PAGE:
Tropical cyclone

All posts tagged Tropical cyclone

This satellite loop of Soudelor is courtesy of NOAA.

By  – AccuWeather

Soudelor remains a powerful typhoon as it barrels toward Taiwan with destructive winds and life-threatening flooding rain. Eastern China will then become Soudelor’s final target.

While no longer a super typhoon, Soudelor is still a very dangerous typhoon with its strength equal to that of a Category 3 hurricane in the eastern Pacific or Atlantic oceans.

AccuWeather Meteorologist Anthony Sagliani expects Soudelor to maintain that intensity until landfall in Hualien County, Taiwan, early Saturday morning local time (Friday afternoon EDT).

Sagliani expects east-central Taiwan, including the Hualien City, to face the most destructive winds with sustained winds over 160 kph (100 mph).

“Significant flooding is likely across many areas of Taiwan with a high threat for landslides in the higher terrain,” Sagliani continued. Most of the lower elevations will see rainfall amounts exceed 200 mm (8 inches) with the mountains being inundated with 500 to 760 mm (20 to 30 inches) or more.

Continued coverage at AccuWeather: Typhoon Soudelor Bears Down on Taiwan; China Next Target

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By Eric Leister – AccuWeather

Soudelor rapidly intensified on Monday, becoming a super typhoon and reaching the equivalent of a Category 5 hurricane in the Atlantic or Eastern Pacific basins. Soudelor reached peak intensity late Monday with winds near 290 kph (180 mph) making it the strongest tropical cyclone anywhere on the planet this year.

Even though Soudelor has weakened, it will remain a powerful tropical cyclone as it crosses the West Pacific, eventually threatening Taiwan and eastern China later this week.

The center of Soudelor passed directly over the island of Saipan to the north of Guam with Category 2 hurricane-force winds on Sunday night.

Winds to near 170 kph (105 mph) were reported on Saipan as the eyewall of Soudelor passed over the island. Guam to the south was largely spared any damaging winds as gusts reached 50-65 kph (30-40 mph) for several hours.

More continued coverage at AccuWeather: Typhoon Soudelor Eyes Taiwan With Damaging Winds, Flooding Rain; China Next in Line

By Eric Leister

Tropical Cyclone Ita is making landfall just north of Cooktown, Australia, Friday night, local time. The Queensland coast from Cape Flattery to Cairns lies in the direct path of Ita.

The latest satellite imagery indicates that slight weakening occurred prior to landfall. However, Ita will remain a dangerous, powerful storm for the next 12-24 hours as it moves just inland from the coast.

Cooktown has reported more than 65 mm (2.56 in) through Friday evening, local time as Ita continues to approach from the north.

Image of Ita as it begins to make landfall in Queensland, just north of Cooktown, on Friday. Image courtesy of NOAA

Ita is making landfall with the equivalent strength of a Category 4 hurricane. Australia, which uses a different intensity scale than the U.S., indicates Ita was a Category 5 cyclone, the highest level before weakening to a Category 4 cyclone prior to landfall.

Devastating impacts are likely. Peak winds near the center of the cyclone at the time of landfall are expected to range from 200 to 225 kph (120 to 140 mph), leading to down trees and power lines with the potential for widespread structural damage.

A text book stadium effect is present in the Thursday afternoon satellite picture, courtesy of NOAA

Ita is making landfall north of Cairns, an area with a lower population than areas farther south. This region is known for mining and national parks.

Although Ita will weaken as it approaches Cairns, due to land interaction, flooding rainfall and hurricane-force winds are expected. Conditions began to deteriorate around Cairns on Friday with the worst of the storm expected Friday night into Saturday.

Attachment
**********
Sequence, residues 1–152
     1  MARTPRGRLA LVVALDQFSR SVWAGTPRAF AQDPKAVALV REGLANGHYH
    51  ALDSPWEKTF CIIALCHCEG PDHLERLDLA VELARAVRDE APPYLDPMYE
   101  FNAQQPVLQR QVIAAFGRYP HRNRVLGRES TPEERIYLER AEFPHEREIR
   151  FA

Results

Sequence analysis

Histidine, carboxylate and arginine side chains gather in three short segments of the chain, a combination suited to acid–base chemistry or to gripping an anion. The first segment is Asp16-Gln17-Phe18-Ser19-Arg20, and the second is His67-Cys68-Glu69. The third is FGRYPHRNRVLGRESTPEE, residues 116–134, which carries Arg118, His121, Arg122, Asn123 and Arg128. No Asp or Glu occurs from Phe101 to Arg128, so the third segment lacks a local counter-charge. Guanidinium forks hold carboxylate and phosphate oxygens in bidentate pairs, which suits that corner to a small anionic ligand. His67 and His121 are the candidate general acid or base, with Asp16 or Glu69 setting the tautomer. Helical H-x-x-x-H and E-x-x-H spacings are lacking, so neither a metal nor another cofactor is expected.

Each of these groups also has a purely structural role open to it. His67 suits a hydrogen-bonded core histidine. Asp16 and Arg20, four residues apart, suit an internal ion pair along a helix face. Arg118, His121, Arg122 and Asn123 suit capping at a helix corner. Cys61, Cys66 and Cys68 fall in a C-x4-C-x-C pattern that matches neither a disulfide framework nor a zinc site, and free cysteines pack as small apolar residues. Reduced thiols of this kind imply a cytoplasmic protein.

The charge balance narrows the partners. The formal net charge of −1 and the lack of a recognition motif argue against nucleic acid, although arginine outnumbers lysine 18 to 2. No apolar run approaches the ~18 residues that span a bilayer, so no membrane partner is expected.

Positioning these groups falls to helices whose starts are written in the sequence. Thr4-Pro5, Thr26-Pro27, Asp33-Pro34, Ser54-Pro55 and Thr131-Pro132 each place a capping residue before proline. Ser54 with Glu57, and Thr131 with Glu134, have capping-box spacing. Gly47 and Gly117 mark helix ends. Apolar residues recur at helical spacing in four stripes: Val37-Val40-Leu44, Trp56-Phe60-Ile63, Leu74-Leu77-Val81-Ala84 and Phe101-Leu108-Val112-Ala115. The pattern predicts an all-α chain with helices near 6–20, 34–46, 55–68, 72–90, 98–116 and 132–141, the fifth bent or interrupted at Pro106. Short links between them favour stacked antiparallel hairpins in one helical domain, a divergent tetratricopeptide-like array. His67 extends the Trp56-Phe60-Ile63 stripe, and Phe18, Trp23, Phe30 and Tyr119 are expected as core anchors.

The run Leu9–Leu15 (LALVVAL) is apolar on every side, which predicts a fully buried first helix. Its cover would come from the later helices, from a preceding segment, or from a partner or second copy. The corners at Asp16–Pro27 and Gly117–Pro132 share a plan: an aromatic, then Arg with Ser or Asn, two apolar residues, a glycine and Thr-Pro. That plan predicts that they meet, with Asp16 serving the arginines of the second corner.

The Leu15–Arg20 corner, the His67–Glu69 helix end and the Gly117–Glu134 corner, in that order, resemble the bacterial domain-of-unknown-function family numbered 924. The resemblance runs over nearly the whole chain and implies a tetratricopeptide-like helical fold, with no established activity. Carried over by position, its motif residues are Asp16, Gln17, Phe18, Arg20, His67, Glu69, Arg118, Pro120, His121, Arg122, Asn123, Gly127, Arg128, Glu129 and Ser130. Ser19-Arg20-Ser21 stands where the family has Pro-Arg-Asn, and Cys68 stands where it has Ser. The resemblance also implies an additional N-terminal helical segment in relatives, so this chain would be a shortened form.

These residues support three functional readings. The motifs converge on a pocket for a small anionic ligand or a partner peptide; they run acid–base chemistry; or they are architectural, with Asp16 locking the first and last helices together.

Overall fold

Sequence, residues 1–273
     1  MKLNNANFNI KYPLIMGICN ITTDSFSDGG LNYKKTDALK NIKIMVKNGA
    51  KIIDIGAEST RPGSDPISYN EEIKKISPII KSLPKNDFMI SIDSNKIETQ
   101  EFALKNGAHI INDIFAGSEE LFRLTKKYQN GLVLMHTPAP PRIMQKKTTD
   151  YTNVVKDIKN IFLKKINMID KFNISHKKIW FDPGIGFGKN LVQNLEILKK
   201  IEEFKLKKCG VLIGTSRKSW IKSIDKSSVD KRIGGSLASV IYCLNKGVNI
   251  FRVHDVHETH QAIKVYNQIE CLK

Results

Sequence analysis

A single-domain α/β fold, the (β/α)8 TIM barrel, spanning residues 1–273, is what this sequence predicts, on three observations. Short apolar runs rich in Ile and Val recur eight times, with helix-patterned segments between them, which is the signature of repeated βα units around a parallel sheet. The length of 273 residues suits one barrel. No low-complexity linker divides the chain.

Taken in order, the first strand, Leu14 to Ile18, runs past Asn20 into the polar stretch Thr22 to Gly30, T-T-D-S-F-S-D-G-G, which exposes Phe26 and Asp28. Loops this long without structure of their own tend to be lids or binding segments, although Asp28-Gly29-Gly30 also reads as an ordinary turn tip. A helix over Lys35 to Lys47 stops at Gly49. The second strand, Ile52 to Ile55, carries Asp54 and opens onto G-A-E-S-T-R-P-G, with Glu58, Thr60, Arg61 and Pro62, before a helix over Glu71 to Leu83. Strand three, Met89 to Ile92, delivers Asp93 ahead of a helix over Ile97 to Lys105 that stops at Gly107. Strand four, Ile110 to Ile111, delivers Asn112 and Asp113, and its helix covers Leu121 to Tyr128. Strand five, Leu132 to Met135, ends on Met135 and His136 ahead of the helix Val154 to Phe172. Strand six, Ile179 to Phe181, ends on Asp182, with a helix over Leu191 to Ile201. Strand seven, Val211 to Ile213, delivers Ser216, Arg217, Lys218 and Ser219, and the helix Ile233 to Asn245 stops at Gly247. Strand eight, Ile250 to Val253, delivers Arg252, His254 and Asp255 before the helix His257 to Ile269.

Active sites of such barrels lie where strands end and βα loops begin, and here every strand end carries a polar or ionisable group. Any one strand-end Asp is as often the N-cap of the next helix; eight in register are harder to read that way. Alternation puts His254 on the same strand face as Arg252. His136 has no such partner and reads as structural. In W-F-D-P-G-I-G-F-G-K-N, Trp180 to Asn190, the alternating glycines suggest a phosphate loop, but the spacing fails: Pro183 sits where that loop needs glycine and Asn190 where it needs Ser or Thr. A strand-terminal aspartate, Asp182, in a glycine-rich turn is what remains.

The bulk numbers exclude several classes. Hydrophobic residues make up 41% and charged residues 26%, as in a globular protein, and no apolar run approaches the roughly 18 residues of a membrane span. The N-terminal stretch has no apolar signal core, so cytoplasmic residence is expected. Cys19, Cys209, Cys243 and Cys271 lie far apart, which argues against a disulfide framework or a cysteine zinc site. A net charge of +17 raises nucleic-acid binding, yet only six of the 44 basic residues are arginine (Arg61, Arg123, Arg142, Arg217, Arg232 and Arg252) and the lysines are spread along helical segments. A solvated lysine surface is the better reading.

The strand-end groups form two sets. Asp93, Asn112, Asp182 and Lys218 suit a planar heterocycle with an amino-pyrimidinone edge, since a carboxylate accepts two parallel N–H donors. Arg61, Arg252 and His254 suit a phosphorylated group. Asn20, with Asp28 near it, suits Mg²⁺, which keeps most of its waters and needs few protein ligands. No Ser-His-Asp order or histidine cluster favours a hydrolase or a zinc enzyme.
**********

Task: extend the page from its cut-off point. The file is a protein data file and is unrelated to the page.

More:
RELATED:
Australia Weather Center
Flood Threat Remains for Philippines From Peipah
World’s Heaviest 48-Hour Rainfall Confirmed as More Than 98 Inches

Ita will then continue to the southeast near or just off the coast of Queensland over the weekend, spreading heavy rainfall into Townsville and Mackay. Wind gusts over 50 mph will accompany the storm as it moves farther southeast and away from Cairns.

Rainfall will also be a major concern as 75-150 mm (3-6 in) will be common within 100 km of the coastline from north of Cooktown southward to Mackay. Local amounts over 250 mm (10 in) will be possible across the region, especially from Cairns northward.

By Monday the cyclone will be in a much weakened state as it moves farther southeast off the coast of Queensland with no further widespread damaging winds or flooding rainfall expected over land.

More at AccuWeather: Dangerous Cyclone Ita Makes Landfall in Queensland

By Eric Leister

Over the past few days, Tropical Cyclone Ita has continued to strengthen as it moved westward through the Coral Sea, reaching the equivalent of a hurricane.

Ita has the potential to strengthen further in the next 24 hours as it begins to turn toward the southwest then to the south as it approaches the Queensland coastline. Ita has the potential contain winds similar to that of a Category 4 hurricane as it approaches the coastline of northern Queensland on Friday.

The expected track will take the cyclone toward the Queensland coastline north of Cairns, an area with a lower population than areas farther south. This region is known for mining and national parks.

The above satellite image shows Tropical Cyclone Ita on Thursday, courtesy of UW-CIMSS.

Peak winds at the time of landfall are expected to range from 200 to 225 kph (120 to 140 mph), leading to down trees and power lines with the potential for widespread structural damage.

As Ita approaches the coastline of Queensland, a turn toward the south will occur taking the storm toward Cairns but also causing the storm to begin weakening due to interaction with land.

Although Ita will be weakening as it approaches Cairns, flooding rainfall and hurricane-force winds are expected. Conditions will begin to deteriorate around Cairns on Friday with the worst of the storm expected Friday night into Saturday.

RELATED:
Australia Weather Center
Flood Threat Remains for Philippines From Peipah
World’s Heaviest 48-Hour Rainfall Confirmed as More Than 98 Inches

Ita will then continue to the southeast near or just off the coast of Queensland over the weekend spreading heavy rainfall into Townsville and Mackay. Wind gusts over 50 mph will accompany the storm as it moves farther southeast and away from Cairns.